We are all eagerly awaiting the Supreme Court's decision in
Ilott v Mitson, but Ames v Jones, where an adult
daughter's Inheritance (Provision for Family and Dependants)
Act 1975 claim fell flat, suggests some are not holding their
breath. Danielle Ames not only failed in her claim, but was
criticised for being an even more unreliable witness than her
stepmother, and for choosing not to work.
Michael Ames died in 2013 leaving Danielle, a daughter from his
first marriage and his second wife, Elaine.
Michael had given a picture framing business, 'Ames
Frames', to Danielle in the 1990s. Danielle gave it
up in 2003. He still had a glazing company called Hond &
Langer ('H & L') and a balloon company in partnership
with Elaine, operating out of premises they jointly owned. Michael
and Elaine also jointly owned their home.
Danielle claimed to be paid £80 per week to work for H
& L and had payslips to prove it. Elaine disagreed and
said Danielle had never worked for H & L.
Danielle and her partner had a business called All Frames and
Mirrors, which Michael had funded to a disputed extent.
Danielle's witness statement said she and her partner
started this together, but at trial she said he ran it as a sole
Michael's will left everything to Elaine if he died before
her (if Elaine had died first, Danielle would have taken 40% and
60% would have been divided between Elaine's children and
Danielle and Elaine both gave evidence. The judge
considered both unreliable.
He described Danielle's evidence variously as
'gilding the lily', 'watered... down', and
'an invention... to get her out of a hole'.
She blamed her solicitors and her partner, failed to take
responsibility, and failed to give straight answers 'She
was not above inventing or embellishing facts if she could see no
other way of sticking to her story in the face of other
By contrast Elaine's 'demeanour impressed [the
judge] more favourably than Danielle's'.
Although there were 'a number of respects in which
her evidence was unreliable' and she had
'convinced herself of her own narrative, which [was] not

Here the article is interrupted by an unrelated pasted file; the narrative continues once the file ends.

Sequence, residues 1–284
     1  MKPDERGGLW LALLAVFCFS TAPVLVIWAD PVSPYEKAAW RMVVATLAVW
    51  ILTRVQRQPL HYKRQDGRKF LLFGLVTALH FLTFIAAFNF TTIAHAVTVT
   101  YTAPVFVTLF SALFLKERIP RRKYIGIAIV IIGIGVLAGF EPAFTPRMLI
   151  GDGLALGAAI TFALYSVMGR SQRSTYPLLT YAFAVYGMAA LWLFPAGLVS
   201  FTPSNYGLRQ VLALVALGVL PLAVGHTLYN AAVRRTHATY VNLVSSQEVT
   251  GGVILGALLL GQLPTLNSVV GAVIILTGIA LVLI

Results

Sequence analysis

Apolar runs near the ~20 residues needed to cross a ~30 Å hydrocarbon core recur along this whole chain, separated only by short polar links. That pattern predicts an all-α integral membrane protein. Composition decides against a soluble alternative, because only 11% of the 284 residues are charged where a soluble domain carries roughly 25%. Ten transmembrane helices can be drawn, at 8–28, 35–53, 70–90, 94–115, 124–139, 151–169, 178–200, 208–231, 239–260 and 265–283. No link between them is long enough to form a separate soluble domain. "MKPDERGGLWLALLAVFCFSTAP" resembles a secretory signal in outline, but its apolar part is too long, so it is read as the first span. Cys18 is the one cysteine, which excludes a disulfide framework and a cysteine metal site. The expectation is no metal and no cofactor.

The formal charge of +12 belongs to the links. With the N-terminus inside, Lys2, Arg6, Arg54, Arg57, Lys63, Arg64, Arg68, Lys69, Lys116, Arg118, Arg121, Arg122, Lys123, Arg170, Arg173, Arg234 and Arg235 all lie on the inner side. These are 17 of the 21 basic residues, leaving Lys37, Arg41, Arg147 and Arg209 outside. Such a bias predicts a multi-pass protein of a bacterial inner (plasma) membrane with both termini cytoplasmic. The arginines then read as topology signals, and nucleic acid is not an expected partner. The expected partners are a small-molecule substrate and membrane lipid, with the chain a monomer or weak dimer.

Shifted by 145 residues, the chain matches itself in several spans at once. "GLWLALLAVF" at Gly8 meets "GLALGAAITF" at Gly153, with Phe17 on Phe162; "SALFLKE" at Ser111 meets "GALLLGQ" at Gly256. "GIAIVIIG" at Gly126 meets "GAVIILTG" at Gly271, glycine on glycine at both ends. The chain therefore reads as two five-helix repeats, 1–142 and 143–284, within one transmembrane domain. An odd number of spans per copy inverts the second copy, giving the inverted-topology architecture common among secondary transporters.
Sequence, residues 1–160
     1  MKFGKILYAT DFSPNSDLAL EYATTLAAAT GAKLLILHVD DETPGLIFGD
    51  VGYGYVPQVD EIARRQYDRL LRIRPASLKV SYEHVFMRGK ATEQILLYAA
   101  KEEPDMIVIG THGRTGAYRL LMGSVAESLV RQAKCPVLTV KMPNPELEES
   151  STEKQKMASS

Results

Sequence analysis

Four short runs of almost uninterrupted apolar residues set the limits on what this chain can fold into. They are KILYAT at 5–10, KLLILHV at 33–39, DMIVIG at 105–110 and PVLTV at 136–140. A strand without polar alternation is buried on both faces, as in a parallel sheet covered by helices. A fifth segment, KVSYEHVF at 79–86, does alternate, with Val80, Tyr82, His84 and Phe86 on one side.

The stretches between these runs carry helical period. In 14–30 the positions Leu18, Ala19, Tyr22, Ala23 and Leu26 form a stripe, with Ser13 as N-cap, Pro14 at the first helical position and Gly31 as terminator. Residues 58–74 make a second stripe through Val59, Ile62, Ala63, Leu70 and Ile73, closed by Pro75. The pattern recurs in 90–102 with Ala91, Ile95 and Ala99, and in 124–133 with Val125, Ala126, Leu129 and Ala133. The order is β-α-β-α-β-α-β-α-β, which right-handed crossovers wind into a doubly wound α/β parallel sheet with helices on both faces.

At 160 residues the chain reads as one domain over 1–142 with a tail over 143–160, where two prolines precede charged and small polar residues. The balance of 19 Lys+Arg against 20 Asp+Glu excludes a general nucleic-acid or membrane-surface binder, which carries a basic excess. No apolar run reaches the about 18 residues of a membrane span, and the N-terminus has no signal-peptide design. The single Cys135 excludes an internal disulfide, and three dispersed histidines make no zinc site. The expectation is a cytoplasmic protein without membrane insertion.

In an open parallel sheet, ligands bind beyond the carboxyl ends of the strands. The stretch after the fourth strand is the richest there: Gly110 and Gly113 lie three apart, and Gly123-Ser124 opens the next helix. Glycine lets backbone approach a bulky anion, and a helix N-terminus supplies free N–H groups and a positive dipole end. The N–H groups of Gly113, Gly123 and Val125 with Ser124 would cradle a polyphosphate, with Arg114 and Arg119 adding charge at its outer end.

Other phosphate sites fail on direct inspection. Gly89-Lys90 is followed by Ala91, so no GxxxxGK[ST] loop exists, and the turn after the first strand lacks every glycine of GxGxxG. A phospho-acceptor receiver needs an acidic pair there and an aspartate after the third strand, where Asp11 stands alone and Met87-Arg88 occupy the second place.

always accurate', she 'gave her evidence in a
straightforward way, avoiding exaggeration'.
Deflating balloons – economics are everything
Michael's estate was sworn at £1,049,414 for probate.
Danielle could be forgiven for thinking there was enough to
make some provision for her as well as Elaine.
However, the 1975 Act requires a judge to consider the value of
the estate as at the date of trial. By trial the balloon
business had closed down, claims against H & L had reduced the
value of its shares to nil, and other assets had been
This fundamentally altered the premise of Danielle's
Was Danielle maintained?
Danielle's 'deeply unsatisfactory' evidence
of her financial position showed that her family had a monthly
deficit of £2000. The judge considered this
exaggerated. If she did receive £80 per week from the
glazing business, this represented earnings, not maintenance.
Although Michael made generous gifts, this did not amount to
funding her lifestyle.
Danielle claimed to 'idolise' her father and
he, in turn, had 'doted' on her. Elaine claimed
they had a 'rocky and distant relationship'.
The judge considered both to be exaggerations.
A lifestyle choice
Elaine is 63, 'no longer works and cannot be expected to
Danielle accepted that she is able to work, but she is a picture
framer, and has known no other work. She would like to work with
her partner, but the business could not support them both. She
produced no evidence of having looked for work and the judge did
not consider her skills non-transferable.
The judge concluded that 'her lack of employment is a
lifestyle choice. That alone is sufficient to defeat her
Points to take away
Danielle made her bed and the judge thought she should lie in
it. This appears to be a move away from awards to impecunious adult
children, but it is unusual for a judge to be as critical of a
claimant's evidence as this judge was of Danielle.
This case is not authority but it is an indicator of judges'
wide discretion. Whether the Supreme Court reins in that discretion
remains to be seen and we continue to await judgment in Ilott v
Mitson with bated breath.
It is also a reminder not to lose focus on what is actually in
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